"What we really need is a rebirth of Andersen," noted Lars Seeberg, secretary general of the Hans Christian Andersen 2005 Foundation. "Two centuries after his birth, he still fails to be universally acknowledged as the world-class author he no doubt was.
Part B Optional Translation（二选一题）
Independent Information and Analysis from the USA
The Gap Between Rich and Poor Widened in U.S. Capital Washington D.C. ranks first among the 40 cities with the widest gap between the poor and the rich, according to a recent report released by the D.C. Fiscal Policy Institute on July 22nd. The top 20 percent of households in D.C. have an average yearly income of $186,830, 31 times that of the bottom 20 percent, which earns only $6,126 per year. The income gap is also big in Atlanta and Miami, but the difference is not as pronounced.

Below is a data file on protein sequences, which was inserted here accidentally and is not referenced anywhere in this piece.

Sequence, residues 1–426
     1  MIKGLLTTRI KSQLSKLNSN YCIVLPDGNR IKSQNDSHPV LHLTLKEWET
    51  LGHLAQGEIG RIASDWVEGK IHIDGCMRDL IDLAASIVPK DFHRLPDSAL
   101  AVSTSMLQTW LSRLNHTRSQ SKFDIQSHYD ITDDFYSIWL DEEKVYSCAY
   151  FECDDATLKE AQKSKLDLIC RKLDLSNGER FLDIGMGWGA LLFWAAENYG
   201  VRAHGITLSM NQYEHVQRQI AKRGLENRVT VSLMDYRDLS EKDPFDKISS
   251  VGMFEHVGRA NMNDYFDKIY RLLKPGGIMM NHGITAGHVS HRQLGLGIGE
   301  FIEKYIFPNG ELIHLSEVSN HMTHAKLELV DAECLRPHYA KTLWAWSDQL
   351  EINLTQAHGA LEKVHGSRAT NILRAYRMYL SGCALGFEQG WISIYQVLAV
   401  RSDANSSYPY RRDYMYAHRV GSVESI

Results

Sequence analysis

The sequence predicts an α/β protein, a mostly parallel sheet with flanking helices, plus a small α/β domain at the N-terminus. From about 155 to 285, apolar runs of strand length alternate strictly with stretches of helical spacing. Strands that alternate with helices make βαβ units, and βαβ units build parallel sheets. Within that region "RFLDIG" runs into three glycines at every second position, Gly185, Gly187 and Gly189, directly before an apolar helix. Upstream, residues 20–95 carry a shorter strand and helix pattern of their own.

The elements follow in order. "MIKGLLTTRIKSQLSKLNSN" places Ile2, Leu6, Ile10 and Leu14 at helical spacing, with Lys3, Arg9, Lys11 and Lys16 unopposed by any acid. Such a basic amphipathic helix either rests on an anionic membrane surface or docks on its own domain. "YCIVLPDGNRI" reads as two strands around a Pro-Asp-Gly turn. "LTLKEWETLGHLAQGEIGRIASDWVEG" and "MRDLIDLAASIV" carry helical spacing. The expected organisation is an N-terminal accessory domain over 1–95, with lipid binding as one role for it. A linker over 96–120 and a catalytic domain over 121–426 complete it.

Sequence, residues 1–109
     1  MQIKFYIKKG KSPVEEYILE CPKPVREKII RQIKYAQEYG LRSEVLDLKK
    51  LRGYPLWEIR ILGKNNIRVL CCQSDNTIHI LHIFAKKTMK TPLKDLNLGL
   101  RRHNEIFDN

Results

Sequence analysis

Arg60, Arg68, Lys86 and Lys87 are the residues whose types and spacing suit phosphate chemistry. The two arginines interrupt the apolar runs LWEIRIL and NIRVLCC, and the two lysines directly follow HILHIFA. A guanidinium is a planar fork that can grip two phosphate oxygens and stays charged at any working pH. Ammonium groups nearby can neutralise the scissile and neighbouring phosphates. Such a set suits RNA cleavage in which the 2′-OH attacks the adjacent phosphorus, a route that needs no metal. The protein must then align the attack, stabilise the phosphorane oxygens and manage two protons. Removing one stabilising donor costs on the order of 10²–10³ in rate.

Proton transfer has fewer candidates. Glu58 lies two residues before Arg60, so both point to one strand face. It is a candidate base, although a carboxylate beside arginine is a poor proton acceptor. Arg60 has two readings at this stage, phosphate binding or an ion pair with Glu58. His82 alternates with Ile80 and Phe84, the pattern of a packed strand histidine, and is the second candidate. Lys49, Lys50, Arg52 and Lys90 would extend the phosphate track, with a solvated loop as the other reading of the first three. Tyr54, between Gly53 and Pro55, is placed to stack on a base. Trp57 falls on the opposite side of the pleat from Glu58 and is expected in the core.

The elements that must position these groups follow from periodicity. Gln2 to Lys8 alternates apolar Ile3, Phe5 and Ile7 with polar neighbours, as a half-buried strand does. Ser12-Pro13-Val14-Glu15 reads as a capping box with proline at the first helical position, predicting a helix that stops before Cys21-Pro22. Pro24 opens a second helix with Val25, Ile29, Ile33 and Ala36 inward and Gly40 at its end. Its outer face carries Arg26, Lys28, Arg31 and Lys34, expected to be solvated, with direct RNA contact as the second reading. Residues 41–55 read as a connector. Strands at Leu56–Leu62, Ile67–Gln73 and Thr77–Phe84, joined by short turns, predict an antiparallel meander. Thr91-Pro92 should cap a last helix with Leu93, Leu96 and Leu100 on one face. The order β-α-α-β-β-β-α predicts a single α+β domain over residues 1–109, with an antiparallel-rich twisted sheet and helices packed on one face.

The report also indicates that the widening gap occurred mainly during the 1990s. Over the last decade, the average income of the top 20 percent of households has grown 36 percent, while the average income of the bottom 20 percent has only risen 3 percent.
"I believe the concentration of the middle- to high-income families in the D.C. area will continue, therefore, the income gap between rich and poor will be hard to bridge," David Garrison told the Washington Observer. Garrison is a senior researcher with the Brookings Institution, specializing in the study of the social and economic policies in the greater Washington D.C. area.
The report attributed the persistent income gap in Washington to the area's special job opportunities, which attract high-income households. Especially since the federal government is based in Washington D.C., Government agencies and other government related businesses such as lobbying firms and government contractors constantly offer high-paying jobs, which contribute to the trend of increasing high-income households in the D.C. area. For example, a single young professional working in a law firm in D.C. can earn as much as $100,000 in his or her first year out of law school.